Political, moral fight joined over health care

People with pre-existing conditions fear that they “are going to die because of a vote we might be taking.”

Rep. Tom Rooney (R-Florida) said that earlier this week. He added, “(A) lot of people … call my office … daily who are extremely angry … because they are sincerely scared.”

With good reason. The Republican legislation to repeal Obamacare, which the House of Representatives approved Thursday, 217-213, in Rep. Jim McGovern’s words “take(s) away essential health care protections (and) allow(s) insurance companies to discriminate against people with preexisting conditions.”

It does this by scuttling the Affordable Care Act (ACA) requirement that insurance companies charge every person of the same age living in the same region of the country the same amount for medical insurance without regard to their medical history.

Republicans’ devotion to dismantling Obamacare has been — let’s be generous with our adjectives here — ironic. After all, the ACA is essentially the program initially drafted by the conservative Heritage Foundation and proposed by then-President Richard Nixon.

Here’s the Republicans’ sleight-of-hand: Their bill first slashes money for Medicaid, the program that provides coverage for millions of low-income Americans. Then it allows any state to be granted a waiver from the requirement to cover preexisting conditions and allows insurance companies to charge people with preexisting conditions as much as they want. That, as a practical matter, will make medical insurance unaffordable for millions.

The Republicans purported solution to this impending denial of medical care is to create a high-risk pool, that is, a pool of money to pay for the expensive cases. That theoretical solution comes with a big asterisk. The high-risk pool would be only partially funded by the federal government and then, not for long.

The most disingenuous part of the bill is that Republicans know that high-risk pools don’t work. America has a long history with high-risk pools. Indeed, they existed in 35 states before the Affordable Care Act became law. They have a repeated, consistent record of failure, only serving a tiny fraction of the people who need coverage and only paying a fraction of the cost.

The Republican plan has more destructive parts. It specifically allows cash-strapped states to save money by opting out of the requirement that all insurance plans cover essential health benefits. No coverage for prescription drugs — that’s fine. No maternity care — great! Exclude mental health care and addiction services, including all those caught up in the opioid crisis – throw that out the window, too. Deny all money to Planned Parenthood for at least a year, which will prevent Planned Parenthood’s cancer screenings and contraceptive services — that’s also included in this bill.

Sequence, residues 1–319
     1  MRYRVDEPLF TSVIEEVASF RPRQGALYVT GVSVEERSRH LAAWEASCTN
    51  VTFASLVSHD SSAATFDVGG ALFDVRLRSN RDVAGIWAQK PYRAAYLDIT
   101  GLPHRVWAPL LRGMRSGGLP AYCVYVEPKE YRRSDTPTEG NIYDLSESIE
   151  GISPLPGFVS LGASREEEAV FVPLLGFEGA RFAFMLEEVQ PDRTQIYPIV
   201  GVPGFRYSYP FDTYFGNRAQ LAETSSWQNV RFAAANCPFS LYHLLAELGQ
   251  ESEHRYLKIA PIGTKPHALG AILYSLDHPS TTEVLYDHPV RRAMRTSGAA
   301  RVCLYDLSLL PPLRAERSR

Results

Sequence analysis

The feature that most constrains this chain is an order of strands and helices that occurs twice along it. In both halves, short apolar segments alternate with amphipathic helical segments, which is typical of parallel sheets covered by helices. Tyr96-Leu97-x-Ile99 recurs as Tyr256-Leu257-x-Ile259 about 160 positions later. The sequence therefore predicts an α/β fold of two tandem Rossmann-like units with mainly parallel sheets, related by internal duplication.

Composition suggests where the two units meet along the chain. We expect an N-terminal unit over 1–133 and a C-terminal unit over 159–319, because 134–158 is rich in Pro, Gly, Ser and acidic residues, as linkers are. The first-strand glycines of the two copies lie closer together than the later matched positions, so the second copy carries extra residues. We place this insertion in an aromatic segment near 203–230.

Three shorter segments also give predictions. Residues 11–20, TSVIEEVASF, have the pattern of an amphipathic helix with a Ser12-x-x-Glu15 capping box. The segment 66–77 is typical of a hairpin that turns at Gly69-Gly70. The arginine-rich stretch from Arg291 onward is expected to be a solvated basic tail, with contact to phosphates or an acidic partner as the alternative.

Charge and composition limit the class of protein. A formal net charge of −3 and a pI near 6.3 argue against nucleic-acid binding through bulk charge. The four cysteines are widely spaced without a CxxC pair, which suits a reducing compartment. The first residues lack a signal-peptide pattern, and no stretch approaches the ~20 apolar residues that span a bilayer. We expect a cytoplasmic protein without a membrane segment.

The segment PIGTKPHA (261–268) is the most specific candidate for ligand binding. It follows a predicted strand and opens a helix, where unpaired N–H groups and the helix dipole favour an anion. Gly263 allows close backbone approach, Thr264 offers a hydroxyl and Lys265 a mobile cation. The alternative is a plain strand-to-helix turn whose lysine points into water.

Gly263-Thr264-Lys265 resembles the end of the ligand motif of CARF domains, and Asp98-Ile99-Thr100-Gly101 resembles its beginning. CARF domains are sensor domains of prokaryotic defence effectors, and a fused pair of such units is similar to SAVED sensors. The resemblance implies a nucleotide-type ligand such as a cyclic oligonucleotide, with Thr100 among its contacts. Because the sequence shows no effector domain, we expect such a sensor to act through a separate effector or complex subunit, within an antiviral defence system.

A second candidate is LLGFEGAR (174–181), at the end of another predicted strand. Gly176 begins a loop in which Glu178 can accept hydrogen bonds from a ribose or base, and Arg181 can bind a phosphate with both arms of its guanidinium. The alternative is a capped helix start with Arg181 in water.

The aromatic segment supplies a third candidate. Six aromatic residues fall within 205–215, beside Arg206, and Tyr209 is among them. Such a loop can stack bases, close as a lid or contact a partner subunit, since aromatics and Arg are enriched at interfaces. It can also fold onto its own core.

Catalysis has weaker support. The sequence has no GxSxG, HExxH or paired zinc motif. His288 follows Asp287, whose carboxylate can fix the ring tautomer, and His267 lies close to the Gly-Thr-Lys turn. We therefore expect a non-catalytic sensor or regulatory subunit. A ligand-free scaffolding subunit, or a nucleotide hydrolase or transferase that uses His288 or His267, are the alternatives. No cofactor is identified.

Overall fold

The legislation now goes to the Senate, where it faces an uncertain future. The uncertainty stems in part from the fact that Speaker Paul Ryan pushed the bill through the House without any hearings and without the customary assessment of cost-and-effect from the nonpartisan Congressional Budget Office

But if the Senate should refuse to pass the House bill or pass legislation that cannot be reconciled with it, Republicans have concocted a Plan B.

Mick Mulvaney, Trump’s budget director, announced this week that the administration might kill the Affordable Care Act even without Congress by, Mulvaney threatened, not spending the money that Congress has authorized to pay for Obamacare. Those funds were included in this week’s bipartisan budget agreement that will keep the government running through September.

Mulvaney said, “There is absolutely no language in this bill that requires us to make any Obamacare payments of any way, shape or form as a result of this deal, OK?”

Actually, no. Not OK.

The political and moral fight now has been joined. Sen. Chris Murray (D-Connecticut) said, “I hope this (bill) is dead on arrival, and I hope a ton of House members lose their seat for voting for something this inhumane.”

Senate Minority Leader Chuck Schumer (D-New York) described the bill as “a breathtakingly irresponsible piece of legislation that would endanger the health of tens of millions of Americans.”

And the truth is that many Republican lawmakers harbor grave doubts about the repeal of the ACA, doubts that, as the New York Times has reported, have been “reinforced by constituents who said that the health law (Obamacare) had saved their lives.”

But Republicans have united in opposition to the plan — with great success. Before the 2016 election, polls showed that a majority of Americans opposed Obamacare. But if the poll referred to the health initiative as the the Affordable Care Act, then it was supported by a significant majority of Americans. The disconnect was palpable, but the anti-Obamacare sloganeering served Republicans and Trump well.

Trump has repeatedly promised that Trumpcare, now formally the American Health Care Act, would cover all preexisting conditions. It doesn’t.


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